Most decorated coach in Kodiaks history to hang up the cleats

Most decorated coach in Kodiaks history to hang up the cleats

Sept. 18, 2018 – After more than 30 years at Lethbridge College, the most successful coach in Kodiaks Athletics history will officially retire in November. Bertil Johansson will end a decorated career as cross country and indoor track coach who led teams and athletes to more than 100 conference and national honours.

Johansson took over the Kodiaks cross country program from coach Mary Wall in January 1987, and he led the Kodiaks women’s team to its first ACAC championship that fall. In 2014, he added the responsibility of coaching the indoor track team when that sport was introduced to the ACAC.

“It is with humility and gratitude that I leave the Kodiaks,” says Johansson. “I have enjoyed the trust given to me by the college and the local running community, and I have appreciated being involved in many aspects of fitness and health during this period. I have numerous memories of coaching at all stages of running at the local, Canadian and international levels. Several athletes and their families have had a tremendous influence on me as a person and on my own family.”

Hired by long-time Lethbridge College athletic director Tim Tollestrup, Johansson says the Kodiaks team at that time was mainly made up of local southern Alberta runners, mostly from the Nursing and Law Enforcement programs. He says he focused on expanding the program to incorporate students from all programs, and extended his recruiting focus both out-of-province and internationally.

“Bertil’s legacy is how he expanded the footprint of cross country running, not only at Lethbridge College, but at the ACAC and CCAA levels as well,” says Todd Caughlin. “Cross country running is now one of the strongest and highest-participation college sports in Canada, and a lot of that is due to Bertil’s tireless work to promote the sport and provide opportunity to his student-athletes.”

Johannson’s resume is filled with accolades too numerous to list. Now in his 32nd season as cross country coach, his teams and athletes in cross country and indoor track have earned 54 gold medals at both the ACAC and CCAA levels.  

In addition to developing local runners, Johansson found great success in recruiting runners from Kenya. One of his first Kenyan recruits, Kip Kangogo, won an ACAC championship in his rookie season, and has gone on to represent Canada at the Pan-Am Games, while piling up marathon and half marathon victories across the country. Johansson coached eight other Kenyans into becoming ACAC champions.

“I’m so proud of the 500 or so student-athletes I have coached, including around 40 international and Kenyan runners,” says Johansson. “These students have impacted me to my core as I watched them successfully meet their academic and athletic goals at Lethbridge College. For all the victories, just as important was the ‘new beginning’ that came with the start of each season as I looked a group of young adult hopefuls and knew I had the opportunity to help shape them.”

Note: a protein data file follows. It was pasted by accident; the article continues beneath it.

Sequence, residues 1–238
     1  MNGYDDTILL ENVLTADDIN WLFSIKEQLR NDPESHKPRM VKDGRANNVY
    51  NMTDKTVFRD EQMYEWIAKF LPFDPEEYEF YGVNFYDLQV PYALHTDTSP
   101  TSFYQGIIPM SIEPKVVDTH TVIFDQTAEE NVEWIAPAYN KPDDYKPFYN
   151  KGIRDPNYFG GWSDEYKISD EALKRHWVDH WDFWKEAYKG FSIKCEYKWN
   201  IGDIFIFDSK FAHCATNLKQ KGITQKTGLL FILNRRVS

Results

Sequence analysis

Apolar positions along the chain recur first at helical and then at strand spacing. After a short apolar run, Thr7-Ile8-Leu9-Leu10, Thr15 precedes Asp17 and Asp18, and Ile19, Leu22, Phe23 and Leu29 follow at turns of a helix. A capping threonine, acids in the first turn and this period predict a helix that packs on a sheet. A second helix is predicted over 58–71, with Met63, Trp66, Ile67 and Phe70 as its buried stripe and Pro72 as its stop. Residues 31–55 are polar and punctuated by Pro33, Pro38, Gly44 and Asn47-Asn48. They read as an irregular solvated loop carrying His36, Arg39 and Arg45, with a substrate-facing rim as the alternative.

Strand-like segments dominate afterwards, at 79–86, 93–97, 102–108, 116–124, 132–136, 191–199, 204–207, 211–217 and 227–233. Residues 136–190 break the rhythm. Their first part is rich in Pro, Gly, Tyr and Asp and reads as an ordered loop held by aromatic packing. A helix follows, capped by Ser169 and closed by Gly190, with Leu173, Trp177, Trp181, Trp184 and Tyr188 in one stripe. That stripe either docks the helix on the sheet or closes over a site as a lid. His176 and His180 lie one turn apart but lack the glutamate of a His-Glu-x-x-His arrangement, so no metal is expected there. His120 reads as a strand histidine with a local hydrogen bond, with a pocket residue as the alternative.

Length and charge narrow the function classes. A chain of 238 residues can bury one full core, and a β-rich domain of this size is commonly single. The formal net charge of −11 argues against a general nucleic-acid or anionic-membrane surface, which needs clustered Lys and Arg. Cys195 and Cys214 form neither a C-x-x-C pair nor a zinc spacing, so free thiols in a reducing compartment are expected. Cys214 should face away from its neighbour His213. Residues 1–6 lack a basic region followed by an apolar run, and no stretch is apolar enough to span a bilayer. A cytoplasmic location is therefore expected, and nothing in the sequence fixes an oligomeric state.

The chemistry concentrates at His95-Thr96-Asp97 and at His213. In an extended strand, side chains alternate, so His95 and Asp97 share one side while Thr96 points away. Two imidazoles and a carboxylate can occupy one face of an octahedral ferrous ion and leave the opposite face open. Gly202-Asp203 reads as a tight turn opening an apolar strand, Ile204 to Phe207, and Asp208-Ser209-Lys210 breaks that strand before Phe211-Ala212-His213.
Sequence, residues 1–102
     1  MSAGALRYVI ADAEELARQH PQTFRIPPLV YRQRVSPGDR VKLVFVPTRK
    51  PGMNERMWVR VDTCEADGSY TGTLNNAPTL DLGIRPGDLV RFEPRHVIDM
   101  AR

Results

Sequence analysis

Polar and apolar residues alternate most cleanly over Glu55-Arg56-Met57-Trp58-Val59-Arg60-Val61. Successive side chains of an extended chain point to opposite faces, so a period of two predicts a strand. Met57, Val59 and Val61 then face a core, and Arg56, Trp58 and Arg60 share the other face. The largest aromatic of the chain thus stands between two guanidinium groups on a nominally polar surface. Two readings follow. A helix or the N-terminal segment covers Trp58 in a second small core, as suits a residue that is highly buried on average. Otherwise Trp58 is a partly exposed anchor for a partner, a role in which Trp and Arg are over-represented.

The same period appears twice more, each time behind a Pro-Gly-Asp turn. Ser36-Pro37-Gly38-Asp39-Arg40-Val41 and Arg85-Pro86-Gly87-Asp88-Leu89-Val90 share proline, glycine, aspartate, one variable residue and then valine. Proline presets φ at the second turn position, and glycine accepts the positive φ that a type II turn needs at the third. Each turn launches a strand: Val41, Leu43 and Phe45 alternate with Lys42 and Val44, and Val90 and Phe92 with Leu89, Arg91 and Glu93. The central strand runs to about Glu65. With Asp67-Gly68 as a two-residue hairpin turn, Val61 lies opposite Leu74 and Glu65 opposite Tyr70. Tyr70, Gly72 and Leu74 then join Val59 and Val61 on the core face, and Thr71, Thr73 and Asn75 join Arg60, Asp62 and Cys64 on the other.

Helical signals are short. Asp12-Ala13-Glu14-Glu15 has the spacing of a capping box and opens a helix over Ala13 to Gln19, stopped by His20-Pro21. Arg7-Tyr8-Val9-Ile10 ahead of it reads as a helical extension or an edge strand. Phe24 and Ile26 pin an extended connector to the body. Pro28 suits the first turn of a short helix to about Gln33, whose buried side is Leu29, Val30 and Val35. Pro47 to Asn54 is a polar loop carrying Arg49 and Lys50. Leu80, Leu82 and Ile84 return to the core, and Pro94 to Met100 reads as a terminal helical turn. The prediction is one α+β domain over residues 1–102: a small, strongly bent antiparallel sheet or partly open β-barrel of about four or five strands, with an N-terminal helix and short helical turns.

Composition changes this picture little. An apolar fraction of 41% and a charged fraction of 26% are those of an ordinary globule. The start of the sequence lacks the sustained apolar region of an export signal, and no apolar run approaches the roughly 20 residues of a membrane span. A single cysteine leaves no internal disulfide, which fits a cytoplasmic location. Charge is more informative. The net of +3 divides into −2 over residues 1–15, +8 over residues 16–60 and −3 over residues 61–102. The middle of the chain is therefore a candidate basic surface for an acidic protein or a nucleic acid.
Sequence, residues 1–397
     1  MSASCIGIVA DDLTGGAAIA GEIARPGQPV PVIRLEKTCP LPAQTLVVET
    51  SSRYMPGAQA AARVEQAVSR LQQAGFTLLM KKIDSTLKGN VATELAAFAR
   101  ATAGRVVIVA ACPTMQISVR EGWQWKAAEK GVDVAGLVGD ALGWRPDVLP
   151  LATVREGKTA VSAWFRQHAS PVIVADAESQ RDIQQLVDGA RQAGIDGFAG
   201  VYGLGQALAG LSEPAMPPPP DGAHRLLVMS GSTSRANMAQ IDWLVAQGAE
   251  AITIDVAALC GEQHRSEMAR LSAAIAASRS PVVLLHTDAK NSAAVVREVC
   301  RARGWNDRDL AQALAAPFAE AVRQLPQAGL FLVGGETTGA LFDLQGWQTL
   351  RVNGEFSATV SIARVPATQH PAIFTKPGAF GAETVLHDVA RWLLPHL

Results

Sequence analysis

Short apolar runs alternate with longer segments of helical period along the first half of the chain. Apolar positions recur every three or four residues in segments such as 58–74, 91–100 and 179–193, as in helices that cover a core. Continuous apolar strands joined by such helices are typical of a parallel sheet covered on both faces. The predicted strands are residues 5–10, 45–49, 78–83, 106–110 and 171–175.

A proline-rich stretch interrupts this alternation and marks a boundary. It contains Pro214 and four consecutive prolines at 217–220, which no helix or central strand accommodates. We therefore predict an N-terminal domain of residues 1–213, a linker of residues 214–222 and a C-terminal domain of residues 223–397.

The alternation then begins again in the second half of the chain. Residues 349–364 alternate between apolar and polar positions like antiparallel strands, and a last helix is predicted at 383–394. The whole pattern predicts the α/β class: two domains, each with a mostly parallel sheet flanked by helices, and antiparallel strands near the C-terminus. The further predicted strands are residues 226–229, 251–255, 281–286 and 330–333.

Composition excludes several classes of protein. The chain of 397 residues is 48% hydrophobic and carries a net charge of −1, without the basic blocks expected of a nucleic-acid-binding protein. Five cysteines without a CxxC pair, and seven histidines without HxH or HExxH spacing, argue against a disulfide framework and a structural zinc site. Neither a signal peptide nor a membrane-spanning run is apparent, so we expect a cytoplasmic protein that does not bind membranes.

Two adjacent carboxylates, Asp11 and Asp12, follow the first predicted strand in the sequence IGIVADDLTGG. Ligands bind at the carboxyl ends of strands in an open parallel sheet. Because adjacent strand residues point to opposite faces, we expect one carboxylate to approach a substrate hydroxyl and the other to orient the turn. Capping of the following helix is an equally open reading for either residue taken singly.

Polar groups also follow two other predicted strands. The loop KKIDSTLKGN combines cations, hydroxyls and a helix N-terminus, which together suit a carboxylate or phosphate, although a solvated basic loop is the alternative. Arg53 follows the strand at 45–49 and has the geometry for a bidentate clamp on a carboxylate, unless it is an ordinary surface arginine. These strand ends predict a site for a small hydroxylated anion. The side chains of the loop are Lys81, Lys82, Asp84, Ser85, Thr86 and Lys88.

Johansson is quick to share credit for his successes, singling out race organizers Ramona Stewart and George Gemer, volunteer coordinator Darlene Ponjavic-Vornbrock, and coaching mentors Alvin Tietz and Knud Petersen among those who have helped him on his way.

“I’ve got to watch many graduates move on and acquire careers in all sorts of fields: policing, conservation enforcement, nursing, environmental science, exercise science and more,” says Johansson. “That’s probably the most rewarding piece that I can hold on to for life as a Lethbridge College coach alumnus.”

This weekend, Johansson will coach on his home turf for the final time in his ACAC career as the Kodiaks host a Grand Prix in conjunction with the Run for the Pumpkin on Saturday at Nicholas Sheran Park. He will officially retire following the CCAA championships on Nov. 10 in Toronto.


Kodiaks championships under Bertil Johansson


CCAA men’s team championships:                            5     (2002, ‘05, ‘06, ‘08, ‘09)                                                                             

CCAA women’s team championships:                       2     (2003, ‘04)

CCAA men’s individual champions:                           5     (Rogers Sergon (2005), Ed Kangogo (2007), Willy Kimosop (2008, ‘09, ‘10))

CCAA women’s individual champions:                      2     (Mary Kamau (2002), Gladys Kochei (2008))

ACAC men’s team championships:                            8     (2000, ‘01, ‘04, ‘05, ‘06, ‘08, ‘09, ‘15)

ACAC women’s team championships:                      4     (1987, ‘88, 2009, ‘15)          

ACAC men’s individual championships:                    12

(Derek Kroeker (1997), Kip Kangogo (2001), Rogers Sergon (2005, ‘06), Ed Kangogo (2007), Willy Kimosop (2008, ‘09, ‘10), Peter Kalya (2011), Edwin Kaitany (2013, ‘14), Alex Harding (2015))

ACAC women’s individual championships:                6

(Mary Kamau (2002, ’03), Gladys Kochei (2007, ‘08), Purity Kandie (2009), Rachel McKenzie (2016))



ACAC men’s team championships:                            2     (2014, ‘15)

ACAC men’s individual championships:                   7     

(Solomon Ngetich (3,000m - 2014), Alex Harding (1,000m, 1,500m, 3,000m - 2015), Alex Andres (300m, 600m – 2015), 4x400m relay team (2016))

ACAC women’s individual championships:                1     (Caylee Vogel (300m – 2015))